Zounds - The Echoplex - 9-18-11
Zounds, Resist and Exist, Gestapo Khazi
Better than...standing in a hot shower and ripping your own clothes off.
When I arrived at the Echoplex lines were snaking in both directions on Glendale Ave. Everywhere were punks and punkettes in weekend mufti, faux bad girls in leopard tights, and about twoscore toothily-grinning Betty Page doubles.
Thus for an uncomfortable interval I was in front of Rafa's Lounge, where some kind of open-mic nightmare was unfolding up the rickety stairs. A Jello Biafra-besotted ranter was giving full-throat to banal ecstasies at the top of what sounded like greasy leather lungs. Finally, I was able to talk my way up the line.
It was a fine night, full of riotous giggling and flirting, but it would become plain a lot of youth energies were being carefully banked. It took a lot of pulling and hauling to get this massive and motley crowd into the venue two-by-two, but the place slowly filled as DJs No Age spun first-wave punk oldies.
It was a little after ten when Gestapo Khazi casually swaggered onstage and set the kids to jumping with outsized lashings of tight and thunderous hardcore. Frontman John Roller stalked the stage like a benzedrine tiger, yipping and snarling impressively.
I became aware the moshing had started when some beefy lugnut slammed into my back and pushed me against the stageside rail. This outburst didn't last long, and the audience soon returned to respectful listening and pogoing before drummer Mike Shelbourn suddenly announced: "This is the last song we'll ever do live." Groans rattled the rafters, but the band romped through the finale in a most non-valedictory manner. "Later," John snorted. Bereft fans of this well-loved Long Beach outfit can take this as they will.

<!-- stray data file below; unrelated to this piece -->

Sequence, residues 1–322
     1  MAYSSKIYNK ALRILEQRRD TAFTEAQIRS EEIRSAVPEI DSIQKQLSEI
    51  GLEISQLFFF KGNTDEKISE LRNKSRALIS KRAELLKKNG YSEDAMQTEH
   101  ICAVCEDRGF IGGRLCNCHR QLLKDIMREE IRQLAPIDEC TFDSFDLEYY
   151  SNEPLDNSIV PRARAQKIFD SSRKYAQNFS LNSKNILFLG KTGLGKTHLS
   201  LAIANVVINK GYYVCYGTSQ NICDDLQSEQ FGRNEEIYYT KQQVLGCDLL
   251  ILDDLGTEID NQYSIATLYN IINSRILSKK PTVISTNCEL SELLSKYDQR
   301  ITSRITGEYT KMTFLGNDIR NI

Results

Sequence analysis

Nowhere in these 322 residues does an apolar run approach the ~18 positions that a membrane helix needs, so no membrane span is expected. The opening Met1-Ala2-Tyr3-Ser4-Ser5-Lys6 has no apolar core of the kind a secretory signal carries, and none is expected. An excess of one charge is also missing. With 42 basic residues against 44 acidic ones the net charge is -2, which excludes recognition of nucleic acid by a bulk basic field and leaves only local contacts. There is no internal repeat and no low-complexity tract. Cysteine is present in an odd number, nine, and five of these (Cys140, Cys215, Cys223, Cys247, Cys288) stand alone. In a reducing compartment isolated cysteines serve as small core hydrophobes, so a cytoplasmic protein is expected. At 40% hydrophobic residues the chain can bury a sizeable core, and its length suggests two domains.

About half the near-capacity crowd fled for the smoking area, including many sick-looking nonsmokers hacking daintily in the blue haze. Resist and Exist, a six-piece peace punk karass from OC, took little time setting up and kicking off a rousing, heartfelt set. Charismatic singer Jang Lee emoted fiercely, songs were dedicated to the children of Afghanistan and imprisoned Black Panthers, and kids at the lip of the stage called out requests. "Play that pro-woman song!" yelled some bearish fellow behind me, and the moshing began again in earnest. Guys plowed into each other, girls were swung around like giddy dolls, and here and there a reveler fell heavily on the concrete floor. I suffered no worse injury than several wrecked photos, two quarts of sweat and a button ripped off my vintage sharkskin jacket.
Zounds review below.